Back anti-AFSPA movement: Irom Sharmila
Reiterating her decision to not accept awards till the Armed Forces Special Powers Act (AFSPA) is withdrawn, Manipur's Iron Lady Irom Sharmila Chanu said people of the state must strengthen the movement against the "inhuman law".india Updated: Feb 08, 2013 10:56 IST
Reiterating her decision to not accept awards till the Armed Forces Special Powers Act (AFSPA) is withdrawn, Manipur's Iron Lady Irom Sharmila Chanu said people of the state must strengthen the movement against the "inhuman law".
"What I want is not awards. I want more people to support to strengthen the movement against the act," Sharmila told journalists Thursday after she was produced before the court of judicial magistrate Alec Muivah in Imphal.
The renowned rights activist has been on an indefinite hunger strike since Nov 2, 2000 in Manipur, demanding the withdrawal of AFSPA from the state after witnessing the killing of 10 people by the army at a bus stop near her home.
"It is only a matter of time before I achieve my goal. I also want to live like a normal person. So those who want to confer awards on me can come to Imphal and stand beside me after my release from jail and before re-arrest," she said.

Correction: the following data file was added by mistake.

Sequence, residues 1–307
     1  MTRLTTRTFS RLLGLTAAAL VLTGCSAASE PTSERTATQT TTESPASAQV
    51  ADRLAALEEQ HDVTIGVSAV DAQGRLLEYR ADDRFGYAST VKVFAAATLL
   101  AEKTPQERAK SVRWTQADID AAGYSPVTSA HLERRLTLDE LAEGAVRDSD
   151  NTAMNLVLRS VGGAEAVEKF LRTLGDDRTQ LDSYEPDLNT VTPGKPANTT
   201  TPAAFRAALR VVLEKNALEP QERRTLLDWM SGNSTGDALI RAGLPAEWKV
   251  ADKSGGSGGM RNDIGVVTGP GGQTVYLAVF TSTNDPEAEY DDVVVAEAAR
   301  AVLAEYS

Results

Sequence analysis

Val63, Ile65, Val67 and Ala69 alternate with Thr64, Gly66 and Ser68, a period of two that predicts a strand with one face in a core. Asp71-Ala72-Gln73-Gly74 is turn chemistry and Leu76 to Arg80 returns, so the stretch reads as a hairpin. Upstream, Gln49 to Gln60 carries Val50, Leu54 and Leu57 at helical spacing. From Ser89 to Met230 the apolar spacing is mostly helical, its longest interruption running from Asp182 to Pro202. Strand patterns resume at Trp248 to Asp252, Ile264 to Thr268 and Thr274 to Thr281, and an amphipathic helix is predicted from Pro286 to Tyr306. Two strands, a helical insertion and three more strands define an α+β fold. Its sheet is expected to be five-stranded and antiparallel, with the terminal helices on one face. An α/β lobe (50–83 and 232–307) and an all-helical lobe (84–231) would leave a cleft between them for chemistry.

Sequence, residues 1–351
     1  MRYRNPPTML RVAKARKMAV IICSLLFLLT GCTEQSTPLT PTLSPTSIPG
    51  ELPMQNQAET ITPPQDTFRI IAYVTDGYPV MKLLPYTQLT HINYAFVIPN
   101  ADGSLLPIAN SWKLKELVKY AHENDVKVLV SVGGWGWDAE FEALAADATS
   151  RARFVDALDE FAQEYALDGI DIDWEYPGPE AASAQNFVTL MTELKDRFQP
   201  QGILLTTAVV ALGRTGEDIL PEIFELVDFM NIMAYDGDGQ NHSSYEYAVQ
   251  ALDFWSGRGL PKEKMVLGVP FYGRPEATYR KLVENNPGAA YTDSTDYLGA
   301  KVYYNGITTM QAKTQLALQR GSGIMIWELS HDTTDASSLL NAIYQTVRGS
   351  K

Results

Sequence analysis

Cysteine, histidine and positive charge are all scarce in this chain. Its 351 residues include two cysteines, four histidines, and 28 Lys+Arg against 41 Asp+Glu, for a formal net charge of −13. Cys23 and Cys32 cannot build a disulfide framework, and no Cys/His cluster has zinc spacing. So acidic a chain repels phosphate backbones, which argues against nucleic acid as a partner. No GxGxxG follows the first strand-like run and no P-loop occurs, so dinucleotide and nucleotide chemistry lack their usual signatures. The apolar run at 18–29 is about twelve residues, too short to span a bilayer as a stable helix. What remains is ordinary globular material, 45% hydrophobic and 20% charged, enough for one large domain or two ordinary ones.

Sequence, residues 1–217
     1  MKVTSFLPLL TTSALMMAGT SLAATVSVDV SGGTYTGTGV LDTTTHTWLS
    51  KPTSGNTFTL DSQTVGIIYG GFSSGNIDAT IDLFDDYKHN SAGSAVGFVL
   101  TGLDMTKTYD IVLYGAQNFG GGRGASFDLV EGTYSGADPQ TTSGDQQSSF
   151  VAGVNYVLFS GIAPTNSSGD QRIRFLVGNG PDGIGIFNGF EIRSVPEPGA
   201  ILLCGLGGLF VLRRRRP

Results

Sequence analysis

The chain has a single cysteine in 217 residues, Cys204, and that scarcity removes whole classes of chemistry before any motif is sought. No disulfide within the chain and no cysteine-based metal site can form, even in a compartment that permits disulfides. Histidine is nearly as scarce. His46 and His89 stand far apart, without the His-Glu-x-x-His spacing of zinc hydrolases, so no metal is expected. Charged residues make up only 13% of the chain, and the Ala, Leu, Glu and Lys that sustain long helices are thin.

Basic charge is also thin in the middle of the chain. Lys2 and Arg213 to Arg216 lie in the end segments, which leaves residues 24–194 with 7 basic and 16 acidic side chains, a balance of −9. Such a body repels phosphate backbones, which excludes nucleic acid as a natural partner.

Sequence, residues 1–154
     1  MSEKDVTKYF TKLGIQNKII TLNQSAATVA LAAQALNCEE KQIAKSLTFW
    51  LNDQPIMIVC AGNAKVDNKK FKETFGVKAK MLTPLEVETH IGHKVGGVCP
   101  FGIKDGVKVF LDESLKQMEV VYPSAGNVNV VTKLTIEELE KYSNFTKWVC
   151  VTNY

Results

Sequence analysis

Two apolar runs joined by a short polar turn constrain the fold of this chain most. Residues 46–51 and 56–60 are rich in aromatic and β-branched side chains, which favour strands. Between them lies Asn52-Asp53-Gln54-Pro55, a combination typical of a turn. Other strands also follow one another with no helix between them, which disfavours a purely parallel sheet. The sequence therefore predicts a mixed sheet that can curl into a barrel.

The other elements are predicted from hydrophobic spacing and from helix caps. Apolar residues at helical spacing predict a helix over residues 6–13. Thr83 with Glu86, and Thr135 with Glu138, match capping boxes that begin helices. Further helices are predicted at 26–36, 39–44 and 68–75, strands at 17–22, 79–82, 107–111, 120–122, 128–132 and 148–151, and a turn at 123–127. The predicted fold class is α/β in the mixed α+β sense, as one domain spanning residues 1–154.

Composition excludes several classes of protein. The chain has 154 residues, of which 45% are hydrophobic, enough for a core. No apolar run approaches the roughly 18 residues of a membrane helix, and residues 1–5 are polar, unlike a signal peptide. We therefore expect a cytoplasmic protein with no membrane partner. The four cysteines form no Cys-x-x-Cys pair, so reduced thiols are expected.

She was arrested after she began her protest and was charged with attempt to suicide.
Sharmila was sent to a prison hospital in Imphal where she has been force-fed via a nasal drip. She is currently lodged in Jawaharlal Nehru Institute of Medical Sciences.
Even as she vowed to continue with her fast, Sharmila said her struggle to repeal the draconian act would depend entirely on the people of the state.
"If people of the state and political leaders do not raise their voices against this inhuman law, they (people of Manipur) would remain forever as stepsons of India," Sharmila stated.
AFSPA, which was passed in 1990, gives Indian armed forces arbitrary powers in the states that have been declared "disturbed areas" riddled with militancy. Jammu and Kashmir and Manipur are amongst the states under the act.
Several human rights groups, including the North East Students' Organisation, have also been demanding withdrawal of AFSPA.
Amnesty International has campaigned vociferously against the legislation, which it sees as a violation of international human rights laws.
However, army officials maintain that it is for the central and the state governments to decide whether to revoke or continue AFSPA.
"Human right groups never speak against the violence committed against security forces. For the men in uniform, the AFSPA gives them human rights protection," said an army official involved in counter-insurgency operations in Manipur.
In view of the outcry against AFSPA, the central government had appointed a five-member committee headed by Supreme Court justice BP Jeevan Reddy a few years ago to examine whether the legislated law was required or not.
After visiting all affected states, the committee submitted its report to the central government in October 2006. The union government has not yet made the findings public.
The Administrative Reforms Commission headed by Veerappa Moily has recommended that the controversial act must be reviewed.
Meghalaya governor RS Mooshahary, who favoured the repeal of AFSPA, has said: "AFSPA should be repealed and the Criminal Procedure Code must be amended to protect the rights of security forces and civilians."